submission, that perhaps it may be an unintended consequence, but it could be a restraint of trade
for our company and industry, be anti-competition and reduce consumer protection.

We note subsection (iv) of section 602–5 of the Bill makes a concession for licensed customs
brokers. We believe and argue that a similar concession should be extended to “indirect tax
consultants”, however that term may be defined.

The Bill in its current form excludes providers of primarily indirect tax advice from its ambit.
This effectively would exclude a whole (private) industry from practising and would negate
proper competition.

It is true that a significant portion of indirect tax advice is provided by the large public accounting
firms. We would presume that they would continue to practice in indirect taxes under the cover of
the overall firm’s tax agent’s eligibility. The ability of the large public accounting firms to
continue to provide indirect tax advice, if small independent firms cannot, is an inequity and
negates competition. We have similar tertiary qualifications and comparable, if not greater,
experience to deliver these services than the major accounting firms, yet we are restricted from
delivering professional services in our chosen disciplines because of the way the Bill is currently
drafted.

We perceive no problem in indirect tax providers meeting the proposed registration requirements
(section 602-30(3)), nor the code of professional conduct (section 604-10), nor satisfying the need
for professional qualifications (section 602-40) as contained in Schedule 4 of the accompanying
Regulations.

However, because in many Recognised Professional Associations (RPAs) voting membership is
restricted to the more income tax and accounting backgrounds “indirect tax consultants” would
appear to be excluded and therefore are disadvantaged competitively.

In addition, we are more than “BAS Service Providers”, but carry out all similar duties of tax
agents except we only advise on “indirect taxes”. Therefore registration is needed as an “indirect
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tax agent” or “indirect tax consultant”. For example, a BAS service provider may not be able to
prepare an objection or act for the client with the ATO, whereas a tax agent is able to do so. This
anomaly needs to be acknowledged and rectified.

Submission

We recommend another type of “tax agent” should be allowed to register, viz an “indirect tax
consultant” or “indirect tax agent” based on experience and tertiary qualifications, because it is an
established but separate specialised discipline to that of income tax. Conversely, you may
consider excluding indirect taxes from the application of the proposed law as a solution.

We request that Treasury advocates for the inclusion of the category of “indirect tax consultant”.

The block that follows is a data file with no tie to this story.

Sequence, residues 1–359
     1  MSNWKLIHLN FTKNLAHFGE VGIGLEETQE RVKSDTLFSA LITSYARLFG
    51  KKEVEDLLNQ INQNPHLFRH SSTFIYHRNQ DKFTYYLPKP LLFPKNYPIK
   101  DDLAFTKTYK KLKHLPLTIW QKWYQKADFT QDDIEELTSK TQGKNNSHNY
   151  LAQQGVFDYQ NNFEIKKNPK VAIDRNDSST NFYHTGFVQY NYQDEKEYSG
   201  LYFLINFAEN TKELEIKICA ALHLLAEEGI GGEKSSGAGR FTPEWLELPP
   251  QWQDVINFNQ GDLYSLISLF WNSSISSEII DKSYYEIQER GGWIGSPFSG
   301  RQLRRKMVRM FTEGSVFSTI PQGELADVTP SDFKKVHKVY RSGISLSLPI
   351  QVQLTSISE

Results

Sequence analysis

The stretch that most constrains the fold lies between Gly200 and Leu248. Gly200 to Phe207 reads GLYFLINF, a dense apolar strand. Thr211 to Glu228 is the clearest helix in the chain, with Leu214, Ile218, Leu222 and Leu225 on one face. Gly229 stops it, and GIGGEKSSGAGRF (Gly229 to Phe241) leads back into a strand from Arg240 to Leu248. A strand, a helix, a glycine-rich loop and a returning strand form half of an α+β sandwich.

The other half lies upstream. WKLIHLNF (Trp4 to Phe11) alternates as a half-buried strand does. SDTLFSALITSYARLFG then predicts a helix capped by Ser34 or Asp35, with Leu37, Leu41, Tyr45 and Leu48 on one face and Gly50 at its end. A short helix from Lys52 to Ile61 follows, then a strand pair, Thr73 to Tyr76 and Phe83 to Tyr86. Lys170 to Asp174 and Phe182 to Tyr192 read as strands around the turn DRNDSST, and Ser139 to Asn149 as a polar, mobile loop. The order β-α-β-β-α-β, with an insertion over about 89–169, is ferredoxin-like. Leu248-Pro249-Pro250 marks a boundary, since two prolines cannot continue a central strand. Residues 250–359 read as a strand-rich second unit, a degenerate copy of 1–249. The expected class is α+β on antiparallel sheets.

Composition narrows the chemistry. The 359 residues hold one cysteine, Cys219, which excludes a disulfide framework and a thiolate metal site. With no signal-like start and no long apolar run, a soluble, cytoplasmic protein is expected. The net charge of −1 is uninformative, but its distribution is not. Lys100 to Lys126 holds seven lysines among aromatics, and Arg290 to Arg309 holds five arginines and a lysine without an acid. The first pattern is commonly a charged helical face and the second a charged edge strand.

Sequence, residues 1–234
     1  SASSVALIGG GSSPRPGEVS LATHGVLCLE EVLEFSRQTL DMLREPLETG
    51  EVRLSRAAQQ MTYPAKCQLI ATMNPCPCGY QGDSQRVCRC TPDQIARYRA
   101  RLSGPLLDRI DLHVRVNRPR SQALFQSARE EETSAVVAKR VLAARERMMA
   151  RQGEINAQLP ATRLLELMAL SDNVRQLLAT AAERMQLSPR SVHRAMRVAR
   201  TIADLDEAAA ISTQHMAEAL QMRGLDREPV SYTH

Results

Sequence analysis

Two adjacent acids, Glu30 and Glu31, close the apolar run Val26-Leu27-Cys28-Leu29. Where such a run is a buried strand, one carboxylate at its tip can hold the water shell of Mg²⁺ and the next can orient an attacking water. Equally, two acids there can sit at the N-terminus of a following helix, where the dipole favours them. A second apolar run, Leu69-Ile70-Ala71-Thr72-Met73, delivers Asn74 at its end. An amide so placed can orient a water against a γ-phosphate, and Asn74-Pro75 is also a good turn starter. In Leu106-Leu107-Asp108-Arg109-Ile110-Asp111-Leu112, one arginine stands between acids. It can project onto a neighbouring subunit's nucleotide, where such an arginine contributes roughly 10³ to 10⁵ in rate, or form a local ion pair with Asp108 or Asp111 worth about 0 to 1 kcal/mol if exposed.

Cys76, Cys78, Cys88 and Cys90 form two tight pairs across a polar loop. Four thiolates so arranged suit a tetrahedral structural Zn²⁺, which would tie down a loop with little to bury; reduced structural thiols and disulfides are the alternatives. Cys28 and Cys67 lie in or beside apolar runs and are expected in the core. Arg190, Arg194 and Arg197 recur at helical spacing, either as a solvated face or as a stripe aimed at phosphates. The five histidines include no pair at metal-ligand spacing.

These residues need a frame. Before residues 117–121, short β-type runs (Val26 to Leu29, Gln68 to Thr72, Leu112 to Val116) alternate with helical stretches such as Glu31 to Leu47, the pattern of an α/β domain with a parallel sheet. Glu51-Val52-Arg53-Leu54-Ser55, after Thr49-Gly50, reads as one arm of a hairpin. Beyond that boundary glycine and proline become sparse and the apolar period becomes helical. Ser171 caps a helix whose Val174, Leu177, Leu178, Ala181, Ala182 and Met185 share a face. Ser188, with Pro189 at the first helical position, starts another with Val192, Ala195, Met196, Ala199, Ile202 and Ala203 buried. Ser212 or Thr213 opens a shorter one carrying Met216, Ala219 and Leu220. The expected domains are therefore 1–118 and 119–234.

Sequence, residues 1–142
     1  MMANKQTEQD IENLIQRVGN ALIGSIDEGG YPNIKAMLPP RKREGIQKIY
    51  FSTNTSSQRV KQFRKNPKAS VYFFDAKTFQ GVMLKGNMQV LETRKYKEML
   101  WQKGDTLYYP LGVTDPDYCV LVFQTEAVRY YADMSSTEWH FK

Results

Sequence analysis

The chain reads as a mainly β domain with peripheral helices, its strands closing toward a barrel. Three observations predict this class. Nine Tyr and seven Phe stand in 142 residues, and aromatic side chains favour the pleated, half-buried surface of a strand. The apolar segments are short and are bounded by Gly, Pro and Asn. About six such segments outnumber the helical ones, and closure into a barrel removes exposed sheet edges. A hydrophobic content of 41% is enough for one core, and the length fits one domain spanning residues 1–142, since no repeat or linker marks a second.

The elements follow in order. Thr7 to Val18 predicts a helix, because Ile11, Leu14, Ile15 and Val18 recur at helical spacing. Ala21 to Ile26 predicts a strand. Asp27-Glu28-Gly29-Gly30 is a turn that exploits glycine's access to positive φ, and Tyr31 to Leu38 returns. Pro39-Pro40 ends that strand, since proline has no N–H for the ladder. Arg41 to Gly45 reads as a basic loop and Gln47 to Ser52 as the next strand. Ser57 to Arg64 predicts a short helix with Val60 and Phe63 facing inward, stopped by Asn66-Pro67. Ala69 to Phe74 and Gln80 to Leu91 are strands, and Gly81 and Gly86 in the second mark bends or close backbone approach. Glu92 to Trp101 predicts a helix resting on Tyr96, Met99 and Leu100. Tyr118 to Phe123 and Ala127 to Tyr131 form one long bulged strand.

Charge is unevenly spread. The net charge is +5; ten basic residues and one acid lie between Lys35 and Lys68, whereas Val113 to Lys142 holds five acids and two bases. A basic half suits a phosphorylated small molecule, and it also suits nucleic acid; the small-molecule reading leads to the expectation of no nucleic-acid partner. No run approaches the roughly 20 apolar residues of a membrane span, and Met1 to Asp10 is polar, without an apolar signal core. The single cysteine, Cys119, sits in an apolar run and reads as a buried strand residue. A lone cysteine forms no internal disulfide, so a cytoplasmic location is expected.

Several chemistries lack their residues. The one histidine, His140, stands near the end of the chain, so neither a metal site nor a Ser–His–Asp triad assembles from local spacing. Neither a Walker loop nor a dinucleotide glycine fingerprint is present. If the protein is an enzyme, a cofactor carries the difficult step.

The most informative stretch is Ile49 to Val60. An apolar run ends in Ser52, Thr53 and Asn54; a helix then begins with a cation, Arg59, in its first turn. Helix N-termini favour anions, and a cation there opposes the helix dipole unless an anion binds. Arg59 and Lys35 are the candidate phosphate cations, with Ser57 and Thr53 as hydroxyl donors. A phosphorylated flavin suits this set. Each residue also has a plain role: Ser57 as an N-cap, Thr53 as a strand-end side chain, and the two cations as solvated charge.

We argue that the definition of indirect tax consultant includes the following disciplines at the
very least:

•    GST
•    R&D
•    FTCs
•    WET
•    LCT

Many specialised firms have invested considerable time and effort to become corporate indirect
tax experts in providing high level advice on a range of such disciplines over many years and
significant changes.

We submit that the proposed reforms do not cater for many of these specialised firms such as ours
that have arisen due to demand from business to advise on the increasing range and complexity of
indirect taxes and regular changes to certain taxes e.g., GST, WET, LCT, fuel tax credits, payroll
taxes, etc.

A concession has been extended to customs brokers and we strongly believe that a similar one
should also be extended to indirect tax consultants. We are an industry numbering in the hundreds
of professionals in private practice around Australia and to alienate us would create not only an
iniquitous situation, but also deny many businesses and public practitioners of our professional
expertise and services.

Indirect taxes are a vital part of the overall “tax industry”. They are not traditionally learnt
through tertiary study like mainstream income tax etc. It is mainly through long years of
experience and self education that practitioners well versed in these disciplines emerge. They
must deal with many Government departments outside the Australian Taxation Office e.g.,
AusIndustry with the R&D Schemes.

As the Bill stands, we believe it represents a policy failure. The Bill fails in its attempts to further
consumer protection and competition. Surely consumer protection and competition is enhanced if
taxpayers are encouraged to seek the advice of specialists rather than attempt to meet their tax
responsibilities without seeking advice. Surely consumer protection and competition is enhanced
if specialists are allowed, indeed encouraged, to be able to provide specialist advice. Surely
consumer protection and competition is diminished, if general tax practitioners are permitted to
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advise on complex areas of indirect taxation law that they rarely encounter where pure indirect tax
specialist firms cannot advise in those areas.

We provide a vital service to taxpayers and public practitioners and to exclude us from continuing
to provide our professional services would create enormous problems for taxpayers and
accountants and be anti-competitive.

Please contact myself, Steve Baxter or Steve Callanan, on 02 9221 2888 or by email if you would
like to discuss any of the matters raised in this submission. If you see a benefit in us meeting with
you at your offices to discuss these issues we would be prepared to make the effort. We look
forward to your positive response.


Yours sincerely




John Walden
Director